New York's high court rejects independent cause of action for medical monitoring

By Jessica M. Karmasek | Dec 18, 2013

NEW YORK (Legal Newsline) -- New York's highest court ruled Tuesday that New York law does not allow for an independent cause of action for medical monitoring.

In Caronia v. Philip Morris USA Inc., the plaintiffs, all over the age of 50, are current and/or former smokers of Marlboro-brand cigarettes with histories of 20 pack-years or more.

None of the plaintiffs have been diagnosed with lung cancer, nor are they currently being monitored by a physician for suspected cancer.

However, they are seeking the establishment of a court-supervised medical monitoring program, at Philip Morris' expense, that would provide them with low-dose CT scanning of the chest.

The plaintiffs claim the scans would assist in early detection of lung cancer.

A federal district court dismissed the medical monitoring claims, along with others, holding that the plaintiffs "failed to plead that Philip Morris' allegedly tortious conduct is the reason that they must now secure a monitoring program that includes LDCT scans."

The U.S. Court of Appeals for the Second Circuit upheld the court's dismissal of the plaintiffs' negligence, strict liability and breach of implied warranty claims. However, it asked the New York Court of Appeals to decide whether the plaintiffs -- who have no sign of disease -- could pursue an independent claim against Philip Morris to establish the medical monitoring program.

Judge Eugene Pigott, writing for the majority, said policy reasons "militate against" a judicially-created independent cause of action for medical monitoring.

"Allowance of such a claim, absent any evidence of present physical injury or damage to property, would constitute a significant deviation from our tort jurisprudence," he wrote in the 14-page opinion.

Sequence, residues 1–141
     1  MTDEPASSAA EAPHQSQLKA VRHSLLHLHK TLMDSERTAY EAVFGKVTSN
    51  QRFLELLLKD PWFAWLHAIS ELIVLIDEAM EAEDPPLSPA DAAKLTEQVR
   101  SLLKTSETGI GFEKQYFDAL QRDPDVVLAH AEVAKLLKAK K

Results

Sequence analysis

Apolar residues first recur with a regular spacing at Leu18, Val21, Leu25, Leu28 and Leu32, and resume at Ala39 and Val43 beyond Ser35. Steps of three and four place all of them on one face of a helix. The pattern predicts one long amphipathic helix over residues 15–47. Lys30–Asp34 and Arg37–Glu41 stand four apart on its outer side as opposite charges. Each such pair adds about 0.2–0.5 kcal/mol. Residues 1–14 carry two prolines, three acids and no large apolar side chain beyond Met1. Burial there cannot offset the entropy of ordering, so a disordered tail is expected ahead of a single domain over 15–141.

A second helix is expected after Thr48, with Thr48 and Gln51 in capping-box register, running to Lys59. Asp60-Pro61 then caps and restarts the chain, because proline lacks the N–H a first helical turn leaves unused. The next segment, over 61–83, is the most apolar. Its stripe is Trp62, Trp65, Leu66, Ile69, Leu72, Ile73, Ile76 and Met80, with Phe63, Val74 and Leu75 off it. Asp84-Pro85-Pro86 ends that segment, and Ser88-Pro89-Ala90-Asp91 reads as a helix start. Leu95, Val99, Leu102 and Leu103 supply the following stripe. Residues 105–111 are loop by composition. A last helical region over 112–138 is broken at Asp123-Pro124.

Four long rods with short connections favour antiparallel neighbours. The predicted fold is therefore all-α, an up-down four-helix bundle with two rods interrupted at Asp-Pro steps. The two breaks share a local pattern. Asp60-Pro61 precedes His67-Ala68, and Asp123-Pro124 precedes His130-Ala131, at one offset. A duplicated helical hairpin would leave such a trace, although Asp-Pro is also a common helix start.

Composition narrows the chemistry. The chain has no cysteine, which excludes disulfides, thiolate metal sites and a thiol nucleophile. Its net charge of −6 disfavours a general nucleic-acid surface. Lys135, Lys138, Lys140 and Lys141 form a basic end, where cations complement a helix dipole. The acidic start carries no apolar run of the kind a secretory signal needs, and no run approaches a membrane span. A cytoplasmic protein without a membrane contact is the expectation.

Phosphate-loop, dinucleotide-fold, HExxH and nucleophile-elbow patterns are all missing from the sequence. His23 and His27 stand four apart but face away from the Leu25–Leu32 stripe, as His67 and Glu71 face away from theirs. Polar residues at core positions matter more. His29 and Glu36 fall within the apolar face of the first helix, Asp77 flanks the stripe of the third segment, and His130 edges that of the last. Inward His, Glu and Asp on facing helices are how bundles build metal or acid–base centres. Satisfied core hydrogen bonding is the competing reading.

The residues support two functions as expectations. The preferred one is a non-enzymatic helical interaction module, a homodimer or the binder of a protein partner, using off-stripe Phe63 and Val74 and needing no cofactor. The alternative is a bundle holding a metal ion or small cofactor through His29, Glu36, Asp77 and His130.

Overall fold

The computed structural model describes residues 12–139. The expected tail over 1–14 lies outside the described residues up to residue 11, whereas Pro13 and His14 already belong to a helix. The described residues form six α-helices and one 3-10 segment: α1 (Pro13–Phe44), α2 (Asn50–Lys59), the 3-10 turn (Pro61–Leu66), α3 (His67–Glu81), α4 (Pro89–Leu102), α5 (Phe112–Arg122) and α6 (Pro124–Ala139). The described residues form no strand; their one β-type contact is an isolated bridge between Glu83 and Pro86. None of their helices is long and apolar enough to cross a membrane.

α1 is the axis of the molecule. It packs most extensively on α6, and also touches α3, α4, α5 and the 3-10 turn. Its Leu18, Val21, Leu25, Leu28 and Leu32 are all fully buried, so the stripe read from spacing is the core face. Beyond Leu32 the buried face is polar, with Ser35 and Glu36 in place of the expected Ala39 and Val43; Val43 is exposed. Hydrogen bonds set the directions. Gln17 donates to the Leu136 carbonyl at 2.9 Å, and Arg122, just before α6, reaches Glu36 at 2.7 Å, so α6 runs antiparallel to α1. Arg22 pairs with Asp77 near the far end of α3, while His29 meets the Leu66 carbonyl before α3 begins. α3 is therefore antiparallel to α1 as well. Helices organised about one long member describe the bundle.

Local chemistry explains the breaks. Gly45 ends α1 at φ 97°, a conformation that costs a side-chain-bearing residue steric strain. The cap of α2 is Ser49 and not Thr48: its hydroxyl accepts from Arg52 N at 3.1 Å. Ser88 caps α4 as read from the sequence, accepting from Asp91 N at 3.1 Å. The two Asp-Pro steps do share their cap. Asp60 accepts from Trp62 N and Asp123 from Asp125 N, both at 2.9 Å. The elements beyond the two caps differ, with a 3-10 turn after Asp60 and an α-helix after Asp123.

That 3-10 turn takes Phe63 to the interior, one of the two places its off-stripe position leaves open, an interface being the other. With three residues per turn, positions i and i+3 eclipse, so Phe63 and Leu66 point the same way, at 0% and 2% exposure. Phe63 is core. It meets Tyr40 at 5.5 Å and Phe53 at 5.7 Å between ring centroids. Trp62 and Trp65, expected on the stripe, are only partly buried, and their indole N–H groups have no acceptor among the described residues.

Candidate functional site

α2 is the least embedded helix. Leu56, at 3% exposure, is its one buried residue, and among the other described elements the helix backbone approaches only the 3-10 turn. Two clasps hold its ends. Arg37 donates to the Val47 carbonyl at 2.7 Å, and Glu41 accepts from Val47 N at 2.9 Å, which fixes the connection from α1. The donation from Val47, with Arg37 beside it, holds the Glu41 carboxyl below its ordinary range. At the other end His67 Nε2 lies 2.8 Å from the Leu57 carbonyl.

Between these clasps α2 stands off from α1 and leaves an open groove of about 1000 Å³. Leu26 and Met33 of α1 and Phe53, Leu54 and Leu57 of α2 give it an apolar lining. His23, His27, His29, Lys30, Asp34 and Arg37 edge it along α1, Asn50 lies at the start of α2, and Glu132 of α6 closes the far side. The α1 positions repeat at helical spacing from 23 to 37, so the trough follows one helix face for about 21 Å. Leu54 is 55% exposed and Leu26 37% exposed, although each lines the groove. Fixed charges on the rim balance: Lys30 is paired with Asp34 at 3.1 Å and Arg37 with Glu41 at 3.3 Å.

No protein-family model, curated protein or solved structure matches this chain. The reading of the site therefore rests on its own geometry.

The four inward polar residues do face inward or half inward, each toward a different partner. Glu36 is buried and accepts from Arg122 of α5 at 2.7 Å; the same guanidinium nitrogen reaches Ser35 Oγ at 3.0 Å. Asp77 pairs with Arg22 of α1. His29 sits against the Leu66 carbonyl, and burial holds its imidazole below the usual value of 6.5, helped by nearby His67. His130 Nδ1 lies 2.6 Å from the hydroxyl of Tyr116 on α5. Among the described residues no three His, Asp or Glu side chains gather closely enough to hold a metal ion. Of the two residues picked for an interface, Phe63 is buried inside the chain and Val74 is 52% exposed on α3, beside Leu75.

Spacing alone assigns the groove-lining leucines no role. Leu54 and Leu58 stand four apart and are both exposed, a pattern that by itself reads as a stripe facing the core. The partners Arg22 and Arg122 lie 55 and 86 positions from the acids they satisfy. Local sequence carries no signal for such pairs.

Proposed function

"That does not prevent plaintiffs who have in fact sustained physical injury from obtaining the remedy of medical monitoring. Such a remedy has been permitted in this state's courts as consequential damages, so long as the remedy is premised on the plaintiff establishing entitlement to damages on an already existing tort cause of action."

In its ruling, the majority expressed concerns about the "potential systemic effects" of creating a new, "full-blown" tort law cause of action.

"For instance, dispensing with the physical injury requirement could permit 'tens of millions' of potential plaintiffs to recover monitoring costs, effectively flooding the courts while concomitantly depleting the purported tortfeasor's resources for those who have actually sustained damage," Pigott wrote.

"Moreover, it is speculative, at best, whether asymptomatic plaintiffs will ever contract a disease; allowing them to recover medical monitoring costs without first establishing physical injury would lead to the inequitable diversion of money away from those who have actually sustained an injury as a result of the exposure."

Murray Garnick, Altria Client Services senior vice president and associate general counsel, speaking on behalf of Philip Morris, applauded the court's ruling.

"We believe that the New York Court of Appeals correctly held that there is no basis under the law that supports creating a medical monitoring claim," he said in a statement Tuesday.

"In so ruling, the New York Court of Appeals has joined with many courts throughout the country in rejecting such a sweeping new cause of action."

From Legal Newsline: Reach Jessica Karmasek by email at jessica@legalnewsline.com.

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